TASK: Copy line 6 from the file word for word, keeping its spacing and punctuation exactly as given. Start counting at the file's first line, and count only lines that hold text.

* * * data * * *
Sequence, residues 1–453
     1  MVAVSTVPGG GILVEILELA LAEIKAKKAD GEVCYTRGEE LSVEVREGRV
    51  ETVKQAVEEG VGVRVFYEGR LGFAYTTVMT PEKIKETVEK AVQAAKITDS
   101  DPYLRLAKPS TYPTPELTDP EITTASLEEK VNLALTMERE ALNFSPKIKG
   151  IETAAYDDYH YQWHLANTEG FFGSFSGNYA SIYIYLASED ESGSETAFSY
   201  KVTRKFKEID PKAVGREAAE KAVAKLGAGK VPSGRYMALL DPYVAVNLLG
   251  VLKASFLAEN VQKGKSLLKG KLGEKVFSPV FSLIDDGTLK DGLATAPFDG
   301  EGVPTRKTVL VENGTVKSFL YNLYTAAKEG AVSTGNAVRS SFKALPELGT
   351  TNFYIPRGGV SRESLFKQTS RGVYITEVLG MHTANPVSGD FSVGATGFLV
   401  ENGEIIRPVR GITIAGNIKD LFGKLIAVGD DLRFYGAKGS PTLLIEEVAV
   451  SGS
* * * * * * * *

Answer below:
   201  KVTRKFKEID PKAVGREAAE KAVAKLGAGK VPSGRYMALL DPYVAVNLLG